National Archives Exhibit Highlights Medal of Honor Recipients
Press Release · Friday, April 1, 2005

Washington, DC. . . Sergeant 1st Class Paul Ray Smith will receive the Medal of Honor posthumously during a White House ceremony April 4, 2005. This will be the first Medal of Honor awarded for service in Iraq, and the date will mark the second anniversary of Sergeant Smith's death in battle in Iraq.

The National Archives takes special pride in its role of preserving the records of those who have protected the United States. The National Archives holds both individual service records and unit records stretching from the American Revolution to the Gulf War, covering all branches of the military service. Of the 1.4 million cubic feet of permanently valuable records of the federal government stored in the National Archives, well over half relate to military affairs.

The National Archives' new permanent exhibition, The Public Vaults draws from this vast collection of records. One entire vault of the exhibition – "Provide for the Common Defense" – highlights the U.S. military. Documents and historic photos tell powerful stories of both individual heroism and collective sacrifice. Together with declassified records of strategy and tactics, these materials bring a human dimension to the tragedy of war. A special section on official citations for exemplary service features stories of seven Medal of Honor recipients.

This permanent exhibition is free and open to the public. The National Archives is located on the National Mall on Constitution Avenue at 9th Street, NW. Spring hours are 10 a.m. – 7:00 p.m. daily.

History of the Medal of Honor

In 1782, General George Washington established the first formal system for rewarding acts of individual gallantry by the nation's fighting men. The award consisted of a purple cloth heart. In 1847 during the Mexican-American War, a "certificate of merit" was established for any soldier who distinguished himself in action. No medal went with the honor. During the Civil War, a resolution containing a provision for a Navy medal of valor was signed into law by President Abraham Lincoln "to be bestowed upon such petty officers, seamen, landsmen, and Marines as shall most distinguish themselves by their gallantry and other seamanlike qualities during the present war." Shortly afterwards, the Army introduced a similar resolution that was signed into law providing for a medal of honor "to such noncommissioned officers and privates as shall most distinguish themselves by their gallantry in action, and other soldierlike qualities, during the present insurrection."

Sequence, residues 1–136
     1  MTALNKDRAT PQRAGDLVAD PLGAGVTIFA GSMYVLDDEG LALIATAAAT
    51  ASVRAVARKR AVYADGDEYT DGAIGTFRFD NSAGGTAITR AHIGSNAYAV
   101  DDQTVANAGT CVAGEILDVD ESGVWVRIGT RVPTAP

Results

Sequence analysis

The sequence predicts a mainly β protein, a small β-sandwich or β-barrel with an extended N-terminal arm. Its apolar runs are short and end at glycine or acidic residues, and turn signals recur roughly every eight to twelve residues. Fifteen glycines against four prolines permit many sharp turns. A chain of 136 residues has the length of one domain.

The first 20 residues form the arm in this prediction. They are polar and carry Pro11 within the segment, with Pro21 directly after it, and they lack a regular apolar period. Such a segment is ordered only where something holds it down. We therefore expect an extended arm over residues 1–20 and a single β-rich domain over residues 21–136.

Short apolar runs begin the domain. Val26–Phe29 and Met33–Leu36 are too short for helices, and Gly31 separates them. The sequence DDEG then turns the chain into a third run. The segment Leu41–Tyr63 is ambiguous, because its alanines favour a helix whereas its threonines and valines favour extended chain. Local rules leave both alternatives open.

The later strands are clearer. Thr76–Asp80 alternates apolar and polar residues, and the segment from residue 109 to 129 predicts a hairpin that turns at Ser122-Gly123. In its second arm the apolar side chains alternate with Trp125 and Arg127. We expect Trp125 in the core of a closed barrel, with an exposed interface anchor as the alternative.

Although it was created for the Civil War, Congress made the Medal of Honor a permanent decoration in 1863. Since the decoration's creation, the President, in the name of Congress, has awarded more than 3,400 Medals of Honor, but only 842 since World War II when the requirements were tightened. Today there are 125 living recipients of the Medal of Honor, 46 from World War II, and the remainder split between actions in Korea and Vietnam.

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Press Contact: National Archives Public Affairs Staff, 202-501-5526.


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